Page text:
Are consumers following retailers to social networks?

  • Kunz M
  • Hackworth B
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Abstract

While the economy has changed the way consumers shop, and how they spend, what has not changed is that consumers trust the opinions of friends and family, as well as people they do not know, usually more than anything the retailer has to say about the company or their products. Galeotti and Goyal (2009) purport that companies who use social media networking see higher sales and greater profits. Furthermore, Harridge-March and Quinton (2009) suggest that not only does social media networking allow for communications between consumers, but also allow retailers to develop a relationship with their customers, and therefore reduce churn. According to Mark Brohan (2009), while the economic downturn showed that online retailers were not immune to slumping sales, online sales grew by only a single digit rate last year. However, consumers remain loyal to online shopping, and as such, social media marketing provides an opportunity for retailers to develop a communication mix that is less costly, and reach consumers via a channel they want. The challenge for retailers is to identify how this digital word of mouth influences, as well as who the influencers are(Bernoff, 2010), while another 4 percent are considered to be lurkers. More importantly, a significant proportion (95%) of Tweeters are members of other social networks such as Facebook.Primarily usage of Facebook, Twitter and YouTube. participation in multiple social networks by most of the retailers. It is predicted that marketers will move away from just garnering followers, fans, and tweeters, to generating sales via online social media marketing strategies and tactics. There is a fine line or balance in order successfully entice online consumers, without making they feel they are being ““sold to”” on the social network. To do this successfully, new metrics will need to be used to determine the appropriate segmentation strategies to deliver relevant promotions to consumers. The key is to then monitor not just the ““buzz”” of pass-along messages, but to analyze the content of the discussion: what consumers liked, disliked, etc. This type of information provides a simply opportunity for the retailer to capture consumer sentiment and adjust promotions. While Dell and BestBuy have used Twitter effectively to improve customer service and offer especially hard-hitting deals and promotions, it appears that Twitter may be more effective for up-and-coming brands/companies, rather than well-established corporations. An even more complicating factor: different platforms often require different software to post to individual social media networks. Retailers will need to plan across promotions as well as channels to effectively implement social media marketing programs that garner consumer engagement and generate sales in the coming year. Effective timing and coordination across multiple social network platforms and other online and interactive media will be a challenge in the coming year.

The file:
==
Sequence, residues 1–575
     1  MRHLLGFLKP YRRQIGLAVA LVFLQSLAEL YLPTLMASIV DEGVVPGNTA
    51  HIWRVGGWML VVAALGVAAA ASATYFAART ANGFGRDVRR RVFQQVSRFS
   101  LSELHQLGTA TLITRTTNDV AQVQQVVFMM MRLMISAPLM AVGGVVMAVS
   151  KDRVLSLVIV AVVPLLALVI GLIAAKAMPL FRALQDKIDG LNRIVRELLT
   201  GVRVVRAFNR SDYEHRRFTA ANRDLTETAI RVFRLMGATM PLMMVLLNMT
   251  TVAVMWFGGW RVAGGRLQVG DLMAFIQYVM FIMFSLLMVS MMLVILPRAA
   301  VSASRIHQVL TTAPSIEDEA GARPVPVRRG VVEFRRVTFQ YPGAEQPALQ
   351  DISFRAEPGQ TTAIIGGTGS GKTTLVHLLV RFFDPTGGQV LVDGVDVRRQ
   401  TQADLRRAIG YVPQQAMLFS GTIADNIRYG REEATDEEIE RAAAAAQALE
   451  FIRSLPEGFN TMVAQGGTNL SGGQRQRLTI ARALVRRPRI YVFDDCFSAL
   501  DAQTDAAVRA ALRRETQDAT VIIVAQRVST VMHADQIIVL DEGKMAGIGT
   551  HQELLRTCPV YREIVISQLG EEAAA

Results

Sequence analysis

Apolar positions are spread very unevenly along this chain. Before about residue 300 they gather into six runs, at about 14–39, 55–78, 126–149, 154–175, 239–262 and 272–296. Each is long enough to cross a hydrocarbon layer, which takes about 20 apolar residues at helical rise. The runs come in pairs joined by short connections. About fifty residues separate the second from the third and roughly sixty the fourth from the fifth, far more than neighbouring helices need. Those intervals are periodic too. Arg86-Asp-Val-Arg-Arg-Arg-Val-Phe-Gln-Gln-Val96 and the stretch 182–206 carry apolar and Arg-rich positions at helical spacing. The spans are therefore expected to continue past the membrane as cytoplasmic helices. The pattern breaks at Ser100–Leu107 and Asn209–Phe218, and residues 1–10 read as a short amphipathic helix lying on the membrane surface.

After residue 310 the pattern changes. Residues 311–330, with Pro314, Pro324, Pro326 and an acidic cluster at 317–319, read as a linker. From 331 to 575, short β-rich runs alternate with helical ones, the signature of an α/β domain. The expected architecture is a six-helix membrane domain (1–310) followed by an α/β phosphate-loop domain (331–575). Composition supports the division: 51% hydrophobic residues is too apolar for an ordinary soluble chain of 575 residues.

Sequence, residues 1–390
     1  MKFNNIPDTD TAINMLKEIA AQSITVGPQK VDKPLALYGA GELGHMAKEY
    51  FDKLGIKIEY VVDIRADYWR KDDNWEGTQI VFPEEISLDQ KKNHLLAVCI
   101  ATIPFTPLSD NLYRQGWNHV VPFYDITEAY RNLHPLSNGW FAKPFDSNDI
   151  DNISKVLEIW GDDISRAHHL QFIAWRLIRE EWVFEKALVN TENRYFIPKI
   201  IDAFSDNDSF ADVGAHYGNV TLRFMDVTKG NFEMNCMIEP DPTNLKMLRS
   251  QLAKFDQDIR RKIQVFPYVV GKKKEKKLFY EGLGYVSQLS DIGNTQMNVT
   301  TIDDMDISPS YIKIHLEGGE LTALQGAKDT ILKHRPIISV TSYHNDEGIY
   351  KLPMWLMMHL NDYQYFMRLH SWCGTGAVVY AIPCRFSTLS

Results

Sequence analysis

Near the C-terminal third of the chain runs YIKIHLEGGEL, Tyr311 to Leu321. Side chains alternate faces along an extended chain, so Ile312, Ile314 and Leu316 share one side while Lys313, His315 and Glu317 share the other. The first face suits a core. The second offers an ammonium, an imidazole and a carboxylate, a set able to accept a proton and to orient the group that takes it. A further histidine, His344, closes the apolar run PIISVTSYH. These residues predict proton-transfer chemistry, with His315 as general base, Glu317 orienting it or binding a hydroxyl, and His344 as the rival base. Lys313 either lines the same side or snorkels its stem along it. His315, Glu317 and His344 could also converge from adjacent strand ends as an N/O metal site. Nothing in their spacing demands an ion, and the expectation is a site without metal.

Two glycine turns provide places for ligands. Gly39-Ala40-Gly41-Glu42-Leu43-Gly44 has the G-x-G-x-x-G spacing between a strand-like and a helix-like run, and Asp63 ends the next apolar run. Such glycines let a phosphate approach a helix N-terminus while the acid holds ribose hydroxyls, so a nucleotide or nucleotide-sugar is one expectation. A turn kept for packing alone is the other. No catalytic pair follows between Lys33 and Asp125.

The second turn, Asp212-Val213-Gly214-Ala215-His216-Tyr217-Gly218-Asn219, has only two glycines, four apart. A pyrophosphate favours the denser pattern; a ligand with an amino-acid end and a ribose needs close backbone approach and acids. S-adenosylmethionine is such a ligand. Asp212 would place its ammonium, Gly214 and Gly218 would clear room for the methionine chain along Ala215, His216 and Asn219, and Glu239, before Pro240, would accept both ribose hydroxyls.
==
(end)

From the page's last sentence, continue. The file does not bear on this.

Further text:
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  • ISSN: 10956298
  • SCOPUS: 2-s2.0-79960764408
  • PUI: 362224886
  • SGR: 79960764408

Authors

  • Michelle B. Kunz

  • Brittany A. Hackworth

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